This unit was ded­i­cated to the Chance and Soulsby fam­i­lies, who have a long-stand­ing tra­di­tion of ser­vice to the Eas­ton Vol­un­teer Fire Depart­ment. Mem­bers of the Chance and Soulsby fam­i­lies have served the depart­ment since the early 1900s.

This in­cludes four mem­bers of the Chance and Soulsby fam­i­lies who have served as fire chief: C.M.T. “Mil­ton” Soulsby (1912-1920), Charles R. “Randy” Chance Sr., Les Chance and Charles R. “CR” Chance Jr.

“Any time we ded­i­cate a piece of equip­ment to some­one it shows the ap­pre­ci­a­tion the depart­ment has to a per­son or a fam­ily,” Jensen said. “To rec­og­nize the Chance fam­ily was a cool thing to do.”

“Les was one of the nicest guys in high school,” Diane Har­ri­son wrote on the EVFD Face­book page, where the pro­file pic­ture has been re­placed with the depart­ment’s logo with a black bar across it read­ing “Life Mem­ber/Past Chief Les Chance.”

“What a shame one hell of a man and a all around nice guy!!” Tyler and Candy Golt posted on the EVFD Face­book page.

Chance’s ca­reer was in au­to­mo­tive re­pair. He worked as a young man along­side his dad at Bob Smith Buick, ac­cord­ing to his obit­u­ary. He de­cided to ven­ture out on his own and leased the Amoco sta­tion then owned by Wil­liam and Tim Miller.

His dream be­came fully re­al­ized in

1998 when he built Chance’s Ser­vice Cen­ter. He had a great fol­low­ing and a suc­cess­ful busi­ness that op­er­ated for more than 20 years.

Jensen drives a truck put to­gether and main­tained by Chance.

“This truck I drive is one of Les’ prod­ucts. He did all the work on the truck — the paint job, the rims. That was the kind of guy he was. When you get in this truck, es­pe­cially on a day like to­day af­ter Les died, you think about him, and what he meant for our fire depart­ment and the com­mu­nity,” Jensen said.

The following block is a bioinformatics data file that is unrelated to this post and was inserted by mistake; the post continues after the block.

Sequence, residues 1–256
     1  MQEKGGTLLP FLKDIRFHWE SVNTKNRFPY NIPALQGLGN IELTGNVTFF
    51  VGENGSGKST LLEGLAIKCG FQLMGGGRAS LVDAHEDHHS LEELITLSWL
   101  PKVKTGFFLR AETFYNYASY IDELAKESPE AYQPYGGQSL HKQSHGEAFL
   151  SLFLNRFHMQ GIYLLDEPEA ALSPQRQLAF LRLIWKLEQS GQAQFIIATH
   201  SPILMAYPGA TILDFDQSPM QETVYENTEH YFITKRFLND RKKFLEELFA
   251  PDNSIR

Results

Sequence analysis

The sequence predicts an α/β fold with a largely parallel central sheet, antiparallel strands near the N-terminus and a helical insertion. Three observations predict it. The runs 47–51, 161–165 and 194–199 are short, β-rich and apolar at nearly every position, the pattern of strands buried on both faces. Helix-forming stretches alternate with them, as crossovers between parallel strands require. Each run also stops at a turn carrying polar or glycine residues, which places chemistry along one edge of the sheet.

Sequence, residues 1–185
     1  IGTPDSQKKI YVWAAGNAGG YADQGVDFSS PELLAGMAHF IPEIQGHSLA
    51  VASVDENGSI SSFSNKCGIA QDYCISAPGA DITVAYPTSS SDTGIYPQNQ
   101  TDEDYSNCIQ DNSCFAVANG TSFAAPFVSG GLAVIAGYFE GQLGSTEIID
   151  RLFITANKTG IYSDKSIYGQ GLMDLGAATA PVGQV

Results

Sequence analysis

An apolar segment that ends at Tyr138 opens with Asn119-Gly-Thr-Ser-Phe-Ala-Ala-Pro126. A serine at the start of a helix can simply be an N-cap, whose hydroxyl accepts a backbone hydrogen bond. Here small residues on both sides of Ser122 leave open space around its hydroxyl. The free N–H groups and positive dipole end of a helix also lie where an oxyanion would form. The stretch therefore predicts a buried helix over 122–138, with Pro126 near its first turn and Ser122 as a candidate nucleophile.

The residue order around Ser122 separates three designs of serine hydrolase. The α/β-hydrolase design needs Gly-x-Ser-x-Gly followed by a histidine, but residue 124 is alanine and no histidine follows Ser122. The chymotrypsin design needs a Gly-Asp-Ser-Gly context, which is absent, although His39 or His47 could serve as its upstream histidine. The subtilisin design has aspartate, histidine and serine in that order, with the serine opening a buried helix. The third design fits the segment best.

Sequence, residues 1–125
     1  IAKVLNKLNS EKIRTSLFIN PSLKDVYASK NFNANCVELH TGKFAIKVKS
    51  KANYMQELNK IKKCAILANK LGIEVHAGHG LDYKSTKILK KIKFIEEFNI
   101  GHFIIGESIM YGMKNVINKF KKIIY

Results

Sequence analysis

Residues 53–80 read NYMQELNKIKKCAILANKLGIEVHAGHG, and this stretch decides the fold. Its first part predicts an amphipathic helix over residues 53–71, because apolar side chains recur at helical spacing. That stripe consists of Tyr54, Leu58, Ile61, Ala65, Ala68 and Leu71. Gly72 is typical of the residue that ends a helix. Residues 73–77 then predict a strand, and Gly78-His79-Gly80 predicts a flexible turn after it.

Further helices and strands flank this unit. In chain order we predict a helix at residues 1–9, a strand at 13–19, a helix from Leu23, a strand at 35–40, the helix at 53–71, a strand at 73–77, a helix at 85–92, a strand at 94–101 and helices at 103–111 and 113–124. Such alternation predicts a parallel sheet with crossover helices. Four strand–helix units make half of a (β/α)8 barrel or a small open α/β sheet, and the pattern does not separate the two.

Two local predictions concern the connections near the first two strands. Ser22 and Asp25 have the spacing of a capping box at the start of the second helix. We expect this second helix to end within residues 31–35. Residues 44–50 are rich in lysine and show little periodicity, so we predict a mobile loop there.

Chance was born on Feb. 26, 1960. He loved to make peo­ple smile and to ser ve oth­ers, and was al­ways there to lend a hand or help in any way he could, ac­cord­ing to his obit­u­ary. Many week­ends, his joy was to take his Lab, Jake, to Dunkin’ Donuts and drive the back roads in his GMC pickup.

“There aren’t many peo­ple that don’t tell us a stor y of how he helped them in a mo­ment’s no­tice,” the Chance fam­ily said in his obit­u­ary. “He leaves be­hind a legacy of hero­ism, love and de­vo­tions. He has earned those wings. Fly high Les as we will meet again on that beau­ti­ful shore.”

Eas­ton Mayor Robert Wil­ley echoed many of the sen­ti­ments from mourn­ers not­ing his con­tri­bu­tion to Eas­ton’s pub­lic safety and a last­ing legacy he cul­ti­vated.

“He went along with his day-to-day oper­a­tion un­til he couldn’t any­more,” Wil­ley said. “You would never hear him com­plain about be­ing sick or hav­ing prob­lems. He was a strong­willed in­di­vid­ual, and he will be missed. He will be re­mem­bered for a very long time.”

A fu­neral ser vice will be held at noon Thurs­day, Nov. 29, at St. Mark’s United Methodist Church, 100 Peach­blos­som Road, Eas­ton, where friends may from 10 a.m. to noon. Burial will be at Wood­lawn Me­mo­rial Park.

Me­mo­rial con­tri­bu­tions may be made in his honor to Tal­bot Hospice, 586 Cyn­wood Drive, Eas­ton, MD 21601; Eas­ton Vol­un­teer Fire Dep­tart­ment, 315 Aurora Park Drive, Eas­ton, MD 21601; or Alzheimer’s As­so­ci­a­tion, East­ern Shore Chap­ter,

909 Progress Cir­cle, Suite 400, Sal­is­bury, MD 21804 (www.alz.org/mary land).

CON­TRIB­UTED PHOTO

Les Chance, 58, left a legacy as a life mem­ber and past chief of the Eas­ton Vol­un­teer Fire Depart­ment, as well as a suc­cess­ful ca­reer at Chance’s Ser­vice Cen­ter.

EVFD Face­book page pro­file photo